Ryukyu Vermillion Lacquer Box with Lid
Japanese Ryukyu Shikki Vermillion Lacquer Sweetmeats Box with Lid
Descriptive qualities& condition:
Dimensions: &-0” Dia. x 3-0”d
This carved wood box is lacquered in a deep red tone and in olive, greenish black on the areas representing foliage. One portion of the vine is fashioned into a delicately carved handle making the lid more functional. The technique unique is called tsuikin where a pattern is cut from a pigmented lacquer sheet, which is then pasted on the item. Then the rest of the piece is carved and colored. Utilized in this box is a combined technique is called hananuri , which has a contrast between traditional vermillion lacquer and black lacquer, creating its vivid brilliance.
Vintage Condition: Excellent with unusually defined carving with an exceptional number of layers of lacquer giving depth to the finish. “As is”, and retains the original craft/workmanship and perfect marriage between the lid and bowl. Any discoloration, chipping/cracking, surface wear or structural damage noted.
NOTE: Ryukyu lacquerware called, (Ryukyu shikki in Japanese), is produced in Okinawa prefecture. Lacquerware techniques imported from China were well adapted to the lifestyle of the people during the development of Ryukyu lacquerware unique to Okinawa. The technology and artistry involved in this craft is praised not only in Japan, but also overseas. This style of lacquerware has a great diversity of decorating techniques. Tsuikin (lacquer overlay), a uniquely Okinawan decoration technique, is based on a Chinese style called tsuishu, (red lacquerware with raised designs), and gives pieces a three-dimensional appearance.
Okinawa is greatly blessed with climatic conditions that are ideal for the production of lacquer, as it is possible to collect high-quality raw materials like Indian coral tree, Japanese snowbell, and Okinawan banyan tree. Ryukyu lacquerware has set itself apart due to favorable conditions as a production area and the great efforts of its artisans.
Reviews & CommentsLeave a new review or comment →
– Marilyn Greenhouse
I am so glad I bought your book and visited your website! The Kokeshi Snow Coat that I purchased from you is wonderful!! She is my favorite!! I feel so lucky to have found you!!
– Terrie Cohen
– R. McIntyre
– Maria Kwong, Japanese American National Museum
I am sitting at my Apple on a dreary melbourne Sunday morning and my spirits have been lifted immensely. My well read copy of your beautiful book is placed beside me, and I am delighted to have added your sumptuous web site to my favorites. I have been collecting kokeshi for over 5 years and your book along with the tiny tome by Takeuchi and Stephens have been my constant companions. My collection of many hundreds surrounds me as I write; and now try to buy only the very best of the dento and sosaku with the developing knowledge I have. Each year at sakura time my husband and i visit Japan and wander the antique shops, print galleries and flee markets; this morning I have felt like I have been back amongst it all. We travelled to Japan straight after the Tsunami and were touched by our Japanese friend’s steely determination to assist their northern counterparts in whatever way possible…most inspiring. Thank you Michael and Robert for helping me further grow in my understanding of the land I love so dearly.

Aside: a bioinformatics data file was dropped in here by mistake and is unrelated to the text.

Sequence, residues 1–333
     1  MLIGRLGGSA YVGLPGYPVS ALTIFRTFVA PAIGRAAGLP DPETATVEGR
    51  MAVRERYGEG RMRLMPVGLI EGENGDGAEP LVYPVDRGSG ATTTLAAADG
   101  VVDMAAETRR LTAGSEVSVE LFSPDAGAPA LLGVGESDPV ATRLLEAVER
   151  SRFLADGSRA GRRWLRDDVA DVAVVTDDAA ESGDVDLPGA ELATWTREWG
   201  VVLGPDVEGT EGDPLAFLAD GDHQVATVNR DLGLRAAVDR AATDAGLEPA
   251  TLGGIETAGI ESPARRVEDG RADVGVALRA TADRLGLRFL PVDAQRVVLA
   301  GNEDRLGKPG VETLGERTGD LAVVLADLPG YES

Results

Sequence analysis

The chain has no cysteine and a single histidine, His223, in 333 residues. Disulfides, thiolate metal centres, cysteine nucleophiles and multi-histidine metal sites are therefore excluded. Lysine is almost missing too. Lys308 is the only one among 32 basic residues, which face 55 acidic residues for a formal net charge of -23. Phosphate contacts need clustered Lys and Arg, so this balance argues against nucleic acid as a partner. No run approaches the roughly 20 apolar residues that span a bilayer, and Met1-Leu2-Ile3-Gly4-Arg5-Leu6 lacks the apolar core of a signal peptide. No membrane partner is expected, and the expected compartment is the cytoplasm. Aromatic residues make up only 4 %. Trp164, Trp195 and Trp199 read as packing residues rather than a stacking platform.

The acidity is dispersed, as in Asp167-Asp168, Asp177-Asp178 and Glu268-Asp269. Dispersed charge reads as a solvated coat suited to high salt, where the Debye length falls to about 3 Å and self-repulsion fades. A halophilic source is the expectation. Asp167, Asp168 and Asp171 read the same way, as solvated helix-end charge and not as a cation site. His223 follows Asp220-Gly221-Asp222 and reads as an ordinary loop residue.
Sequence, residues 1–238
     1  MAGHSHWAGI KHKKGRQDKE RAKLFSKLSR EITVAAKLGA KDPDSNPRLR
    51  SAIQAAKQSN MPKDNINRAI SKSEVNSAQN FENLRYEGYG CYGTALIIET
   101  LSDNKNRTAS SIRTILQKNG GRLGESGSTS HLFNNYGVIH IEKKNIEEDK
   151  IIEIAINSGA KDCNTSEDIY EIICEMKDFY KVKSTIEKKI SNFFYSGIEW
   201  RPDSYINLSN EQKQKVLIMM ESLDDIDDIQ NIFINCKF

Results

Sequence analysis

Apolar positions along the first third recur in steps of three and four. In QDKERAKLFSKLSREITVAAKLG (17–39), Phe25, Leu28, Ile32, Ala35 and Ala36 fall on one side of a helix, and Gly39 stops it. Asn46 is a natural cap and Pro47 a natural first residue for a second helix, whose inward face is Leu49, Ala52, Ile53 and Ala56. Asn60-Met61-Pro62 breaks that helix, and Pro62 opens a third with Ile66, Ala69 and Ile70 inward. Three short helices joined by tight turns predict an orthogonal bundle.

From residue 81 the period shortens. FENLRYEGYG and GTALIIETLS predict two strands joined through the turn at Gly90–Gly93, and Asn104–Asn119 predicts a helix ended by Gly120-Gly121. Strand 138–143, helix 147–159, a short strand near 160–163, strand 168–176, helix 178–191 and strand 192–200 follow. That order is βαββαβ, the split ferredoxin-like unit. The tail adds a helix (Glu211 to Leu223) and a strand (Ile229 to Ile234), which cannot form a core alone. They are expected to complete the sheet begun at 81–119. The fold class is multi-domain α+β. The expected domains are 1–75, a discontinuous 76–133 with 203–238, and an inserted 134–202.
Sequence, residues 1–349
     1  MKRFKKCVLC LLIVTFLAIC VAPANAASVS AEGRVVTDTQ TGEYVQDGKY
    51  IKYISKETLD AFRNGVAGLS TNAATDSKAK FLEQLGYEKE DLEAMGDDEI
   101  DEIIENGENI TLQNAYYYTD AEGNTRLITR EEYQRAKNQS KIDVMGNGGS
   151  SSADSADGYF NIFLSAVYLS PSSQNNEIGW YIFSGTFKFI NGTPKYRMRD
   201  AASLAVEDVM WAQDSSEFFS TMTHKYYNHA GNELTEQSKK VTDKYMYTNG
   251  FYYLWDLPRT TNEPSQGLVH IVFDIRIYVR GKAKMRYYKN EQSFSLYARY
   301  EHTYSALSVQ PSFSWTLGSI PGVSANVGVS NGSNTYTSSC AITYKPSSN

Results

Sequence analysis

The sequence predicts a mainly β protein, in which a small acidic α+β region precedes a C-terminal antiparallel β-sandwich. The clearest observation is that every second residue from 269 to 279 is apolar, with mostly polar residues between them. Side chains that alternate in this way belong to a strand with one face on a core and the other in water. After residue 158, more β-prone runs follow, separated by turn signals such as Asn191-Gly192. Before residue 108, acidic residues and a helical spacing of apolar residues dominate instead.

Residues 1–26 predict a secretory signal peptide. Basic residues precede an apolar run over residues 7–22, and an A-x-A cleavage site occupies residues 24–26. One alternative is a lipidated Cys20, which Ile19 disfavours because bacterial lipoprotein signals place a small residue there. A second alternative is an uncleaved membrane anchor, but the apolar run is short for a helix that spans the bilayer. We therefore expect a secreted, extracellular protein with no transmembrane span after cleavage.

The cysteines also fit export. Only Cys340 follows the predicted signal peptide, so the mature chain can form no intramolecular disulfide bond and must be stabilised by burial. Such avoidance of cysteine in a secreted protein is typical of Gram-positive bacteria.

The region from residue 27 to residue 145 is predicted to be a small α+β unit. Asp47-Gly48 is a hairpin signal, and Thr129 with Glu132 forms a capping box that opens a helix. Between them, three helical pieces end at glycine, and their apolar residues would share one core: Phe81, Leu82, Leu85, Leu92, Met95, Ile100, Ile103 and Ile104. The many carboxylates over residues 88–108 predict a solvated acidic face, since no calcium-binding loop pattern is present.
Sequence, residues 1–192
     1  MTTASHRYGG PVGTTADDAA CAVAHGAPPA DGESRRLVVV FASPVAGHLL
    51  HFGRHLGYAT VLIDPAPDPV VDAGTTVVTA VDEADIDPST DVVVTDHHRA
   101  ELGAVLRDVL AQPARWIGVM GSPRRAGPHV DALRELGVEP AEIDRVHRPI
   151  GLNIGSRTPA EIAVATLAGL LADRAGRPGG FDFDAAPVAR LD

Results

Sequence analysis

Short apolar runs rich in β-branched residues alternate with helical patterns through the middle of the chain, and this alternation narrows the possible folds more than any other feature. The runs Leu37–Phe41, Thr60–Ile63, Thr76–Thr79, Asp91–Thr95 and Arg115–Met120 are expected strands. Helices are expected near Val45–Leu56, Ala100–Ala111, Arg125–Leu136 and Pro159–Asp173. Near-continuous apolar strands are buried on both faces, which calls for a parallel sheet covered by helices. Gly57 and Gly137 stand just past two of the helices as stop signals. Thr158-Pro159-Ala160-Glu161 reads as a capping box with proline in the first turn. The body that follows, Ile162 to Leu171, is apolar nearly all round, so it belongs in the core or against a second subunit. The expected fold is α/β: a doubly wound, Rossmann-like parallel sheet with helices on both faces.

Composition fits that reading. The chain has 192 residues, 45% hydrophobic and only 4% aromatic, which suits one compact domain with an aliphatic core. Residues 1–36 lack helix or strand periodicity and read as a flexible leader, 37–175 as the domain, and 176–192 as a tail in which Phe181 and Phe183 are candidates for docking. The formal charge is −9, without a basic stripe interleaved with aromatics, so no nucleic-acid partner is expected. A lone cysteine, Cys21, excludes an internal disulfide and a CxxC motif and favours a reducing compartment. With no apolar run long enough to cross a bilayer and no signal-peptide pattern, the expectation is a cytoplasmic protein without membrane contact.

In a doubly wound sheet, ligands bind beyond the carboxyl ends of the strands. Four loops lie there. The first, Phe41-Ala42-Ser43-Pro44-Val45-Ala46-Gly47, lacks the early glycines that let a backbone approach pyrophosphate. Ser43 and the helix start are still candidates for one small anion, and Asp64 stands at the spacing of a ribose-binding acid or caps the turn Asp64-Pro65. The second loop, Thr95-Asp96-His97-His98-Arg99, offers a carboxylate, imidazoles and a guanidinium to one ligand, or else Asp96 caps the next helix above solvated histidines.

– Kirsten Albrecht
– Candace Strohm
– Sandra Shrubb
The Rice Merchant ivory okimono arrived in perfect condition as usual, Michael and Robert. It immediately becomes the centerpiece of our antique Japanese ivory collection. Visually and tactilely, it is a superb piece of art. We marveled at the detail in the grains of rice, the rice baskets, and his heavy coat. The carving of the hands and feet, the little bird hoping for a grain of rice to drop to the feet of the merchant, and the merchant’s happy face all contribute to the total effect. Then when we picked it up, we could feel the texture of the baskets, coat, and rice. Many thanks to you, Robert and Michael, for finding such beauty and art in a piece less than six inches tall. Thank you also for the history lesson on rice merchants, valuable background of the type you include with all purchases. Collecting items of this type has long been a goal of my wife and me. We wanted something from the Japanese culture to pass on to our children and grandchildren because they are quickly getting away from their background. We did not dare take a chance on acquiring these beautiful and valuable art pieces from just anyone. But one day we happened into Vermillion, your shop in Carmel. Both of us felt something good about you–trust. When we discovered a box with some beautiful netsuke, we, without hesitation, bought two of them, thus beginning our antique ivory collection. Through your assistance we have created a very good collection. We have every confidence in your judgment, expertise, and evaluation of Japanese folk art. We have never been disappointed.